3. What a great book. I also agree with the main idea. I’m in college, and I find it comforting how many of my peers still prefer print formats for leisure reading and studying. I was afraid I’d be one of the last. That may change with the next wave of technology and the next generation, but millenials still seem to remember or at least understand the benefits of traditional libraries/books.
    Definitely needs an updated version.

  4. It says victims of technolust “claim there will be 2.2 computers per household in 1999.” The numbers I found put it at 1.56 in the US in 2000 and 2.19 in 2007, so not that far off. (That’s not including smart phones.)

    I’d like to see page 18. I find the whole “reading on paper” arguments sort of annoying; there was a lot of false starts, but the Kindle and to some extent the other ereaders really made reading best on ereaders. There are books the Kindle won’t read, books better read in large or colored paper, but for me the books I want to read in hardcopy are math and computer books the municipal libraries simply don’t carry.

    1. I’d love to know where you found your numbers. The government numbers I found say 0.54 computers per household in 2000, which is in fact a long way from 2.2 in 1999 (esp. since growth was still rapid in 1999-2000). That same source does say 1.25 computers in each household where there’s at least one computer, still a long way off: only 51% of households had any computers in 2000 (a different Census Bureau report).

      1. I guess I was one of the odd ones out. At that time my dad’s hobby was building computers, and I graduated from high school in 1999, which my first computer was one that he built and had it throughout my senior year, maybe even part of my junior year. For its time had a large hard drive of under 10 gigabytes (somewhere around 3-8, I forget now exactly how much), when at the time, most hard drives were still talked about in megabytes, or around a gig for the larger sized ones. My dad had a computer, and there might have been one more in the house. Back then it was way, way cheaper to try to build them yourself, than to buy one from a store. I think the computer that my dad made for me was $300-600, where as if he had bought it would have been a lot more, maybe in the thousand to 2 thousand range.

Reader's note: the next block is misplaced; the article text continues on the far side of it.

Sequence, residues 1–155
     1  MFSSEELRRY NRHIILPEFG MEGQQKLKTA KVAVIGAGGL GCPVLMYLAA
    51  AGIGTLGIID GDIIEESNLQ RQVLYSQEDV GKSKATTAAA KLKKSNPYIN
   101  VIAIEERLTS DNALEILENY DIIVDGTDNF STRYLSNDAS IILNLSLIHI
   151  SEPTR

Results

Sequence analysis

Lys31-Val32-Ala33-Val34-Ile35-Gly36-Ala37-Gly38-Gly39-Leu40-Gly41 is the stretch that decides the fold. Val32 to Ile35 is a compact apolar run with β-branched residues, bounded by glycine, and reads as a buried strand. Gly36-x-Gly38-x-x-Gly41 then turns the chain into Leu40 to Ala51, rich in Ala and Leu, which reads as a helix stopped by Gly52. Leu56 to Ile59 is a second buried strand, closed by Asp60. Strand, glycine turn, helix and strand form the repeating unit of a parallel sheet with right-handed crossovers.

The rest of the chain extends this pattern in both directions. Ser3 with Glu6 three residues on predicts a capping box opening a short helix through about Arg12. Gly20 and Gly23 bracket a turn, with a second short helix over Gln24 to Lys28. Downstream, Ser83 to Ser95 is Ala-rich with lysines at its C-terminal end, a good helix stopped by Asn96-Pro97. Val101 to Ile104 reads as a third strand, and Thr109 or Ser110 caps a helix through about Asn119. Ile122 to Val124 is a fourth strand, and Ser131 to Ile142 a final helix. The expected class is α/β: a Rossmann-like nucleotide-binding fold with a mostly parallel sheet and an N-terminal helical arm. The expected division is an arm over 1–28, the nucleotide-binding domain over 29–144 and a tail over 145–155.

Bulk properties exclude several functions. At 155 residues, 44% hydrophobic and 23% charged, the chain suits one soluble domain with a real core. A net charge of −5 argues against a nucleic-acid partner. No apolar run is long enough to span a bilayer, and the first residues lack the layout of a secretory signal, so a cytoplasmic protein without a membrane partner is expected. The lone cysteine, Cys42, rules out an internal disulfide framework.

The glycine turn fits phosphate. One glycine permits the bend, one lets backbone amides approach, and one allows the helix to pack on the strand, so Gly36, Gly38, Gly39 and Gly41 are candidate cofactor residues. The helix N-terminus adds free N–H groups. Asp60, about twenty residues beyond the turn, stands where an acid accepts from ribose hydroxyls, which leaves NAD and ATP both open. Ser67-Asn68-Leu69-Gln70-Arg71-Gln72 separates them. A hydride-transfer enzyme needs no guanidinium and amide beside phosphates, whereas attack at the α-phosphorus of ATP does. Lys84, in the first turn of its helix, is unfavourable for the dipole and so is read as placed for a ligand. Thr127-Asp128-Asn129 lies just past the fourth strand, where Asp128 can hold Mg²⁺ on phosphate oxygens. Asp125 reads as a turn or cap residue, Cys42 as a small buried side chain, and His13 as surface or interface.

Also, when I was in 8th grade (1994-1995, and I was living with my mom and step-dad then) as a family Christmas present we had gotten our first computer, and I was one of the few 8th graders in my town that actually had a computer in the home. It was a brand new Windows 3.1. and was around $2,000, or maybe more then.

        1. I was also one of the odd ones, for that matter: I had a home computer at least by 1982 (a Morrow MD2, CP/M, no hard disk at all–that’s what I used to write MARC for Library Use). But I wasn’t typical then.

          1. Yes, my dad was an electrical engineer who transitioned to computer programming in the 1970s. We had several computers around the house (usually in parts as he was soldering pieces for them) by the early 80’s. We had an early Apple as well as an early portable PC (it was a large rectangle that had a keyboard that would flip down from one end and a tiny screen on that end). He was teaching me to program by the time I was 10 (so 1985 time frame) and gave me my own computer about that same time (a Commodore 128/64). I found it weird that some people didn’t have a home computer when I was in high school–I just assumed people did.